With the recent wildfires that have affected the Arrowmont School of Art and Craft campus and the larger community of Gatlinburg, Tennessee, we wanted to share some thoughts and memories of just how special Arrowmont is to all of us here at Objective Clay. To help Arrowmont recover, Please follow this link and support their rebuild effort.
An experience at Arrowmont that stands out for me is the unique creative opportunity provided by the Surface Forum – I had a chance to attend back in January of 2015. As a full time ceramic artist, it’s often hard to carve out space for experiment and play. But for those ten days, I was surrounded by peers and mentors all doing just that. Beyond the personal exploration, there were some lovely collaborations that evolved during our time in the studio together – one I particularly enjoyed was with David Kring. The pairing of my lighter imagery with his darker figures was fun, humorous, and eye opening. Creative opportunities like those provided by the Surface Forum don’t come along very often. I’m incredibly grateful to Arrowmont for their deep commitment to a nurturing space where people (at all stages!) can continue to develop and refine their craft.
When I learned of the fire that was threatening the Arrowmont Campus, I couldn’t help reflect about the time I spent there and how if the campus was lost how many wonderful future experiences for the ceramic and arts community would be lost. It is sometimes impossible to notice the moments that upon reflection will be significant in one’s life. I can remember more than once in my times at Arrowmont over the last 5 years, thinking “Wow! This is a moment to remember.” Within our community there are not many times we can come together creatively. For me Arrowmont has been a place to teach people, mentor folks up and coming and find creative connections that have been unique to my time at Arrowmont. I count myself so blessed to have met so many amazingly creative people at Arrowmont that have become confidants, advisors and the best of friends.
Arrowmont is profoundly important to the history and future of craft education in America. My love and appreciation for the place, the people, and the creative space that Arrowmont provides runs deep. I feel profoundly connected to the community and part of something much bigger than myself. Arrowmont helped shape the artist I am today, and by supporting the school you can give others that same opportunity.
A. Blair Clemo
Arrowmont has had such a strong impact for me as an artist and an educator because it engages the craft community is so many ways.
Arrowmont connects us through craft. My first experience there connected me to an amazing group of potters through the Utilitarian Clay Conference VI. We went on to form this collective, Objective Clay, and my peers here have become some of the most important voices to me in the field the last few years.
Arrowmont provides a platform to share new ideas. In 2015, my colleague Jason Hackett and I installed a two-person exhibition in the Wolpert Gallery. The conversations leading up to that show were some of the most critical and challenging I have had since graduate school. This is in part due to the type of place Arrowmont is; a place to think deeply about craft and our individual connection to it, a place to both honor and challenge the history of making by hand.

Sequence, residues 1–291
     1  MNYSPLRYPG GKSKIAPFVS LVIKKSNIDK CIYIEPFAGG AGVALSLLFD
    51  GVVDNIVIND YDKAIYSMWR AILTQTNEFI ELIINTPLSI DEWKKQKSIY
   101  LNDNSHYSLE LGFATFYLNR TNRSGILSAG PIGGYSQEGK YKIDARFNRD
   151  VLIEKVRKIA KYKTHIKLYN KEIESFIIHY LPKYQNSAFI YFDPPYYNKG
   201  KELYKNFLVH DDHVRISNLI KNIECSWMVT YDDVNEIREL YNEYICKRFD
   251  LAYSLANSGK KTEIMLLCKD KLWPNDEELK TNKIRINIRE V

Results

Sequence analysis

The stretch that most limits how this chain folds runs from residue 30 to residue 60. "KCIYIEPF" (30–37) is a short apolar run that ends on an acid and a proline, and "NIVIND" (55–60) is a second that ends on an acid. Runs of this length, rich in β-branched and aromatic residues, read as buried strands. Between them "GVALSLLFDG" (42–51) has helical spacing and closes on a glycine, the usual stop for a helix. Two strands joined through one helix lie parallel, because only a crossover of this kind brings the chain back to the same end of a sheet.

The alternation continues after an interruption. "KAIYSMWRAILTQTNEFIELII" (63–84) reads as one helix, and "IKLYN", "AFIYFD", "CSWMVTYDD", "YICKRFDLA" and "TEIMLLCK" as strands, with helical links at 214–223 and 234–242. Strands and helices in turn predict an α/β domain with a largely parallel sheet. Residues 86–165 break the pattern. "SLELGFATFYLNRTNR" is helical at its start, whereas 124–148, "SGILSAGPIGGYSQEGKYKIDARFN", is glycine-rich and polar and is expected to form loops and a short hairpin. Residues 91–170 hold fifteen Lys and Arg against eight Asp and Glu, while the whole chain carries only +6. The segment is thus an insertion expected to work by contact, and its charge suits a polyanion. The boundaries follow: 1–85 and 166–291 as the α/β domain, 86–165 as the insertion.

Arrowmont enriches my experience as an educator. I taught a one-week intensive in 2014 and was struck by how quickly my class came together to help educate eachother. I had a broad range of students, from a full-time tenured clay professor to a fiber artist who had never touched clay before. Engaging with such a broad range of experience and concerns really stretched my thinking as an educator, and the community that sprung from student helping eachother along was really inspirational. I took a serious lesson from that and always try to encourage a classroom where everyone works together, to push eachother forward.
I have had the great fortune to visit the Arrowmont campus numerous times. One of my top stays came this past summer when I taught a one week workshop (August 7-13). My class was firing on all cylinders. They were an energetic bunch, eager to learn and push themselves into unchartered territory. They were openly exchanging ideas with each other from day one. This, I firmly believe is one of the most important attributes of a successful class, when the students learn as much from each other as from the instructor. After all, it's all about the group dynamic. I didn't have any traditional students in my class except for my assistant. Most were established potters that were seeking change. Some were teachers, one was a budding potter with a lot of talent and ambition. They were all gems.
I have taught in a variety of settings and am the most comfortable exchanging ideas at places like Arrowmont. The speed and the intensity of a one or two week course is unparalleled in nourishing the creative spirit. Furthermore, Arrowmont's campus with its numerous communal spaces encourages meaningful conversations and builds lasting friendships. I had never spent much time in Hughes Hall until this summer. Every day at 5 o'clock, my class hosted "happy hour" on the porch. It was a way for us to decompress from the studio before heading to dinner. To me, this was an essential part of our exceptional group dynamic. Being outside the classroom environment in a casual setting helped us grow closer. I will remember my time with my August 2016 students fondly and look forward to the new and improved version of Hughes Hall.
Please join us in helping Arrowmont rebuild. It is a vital part of our global arts and crafts community.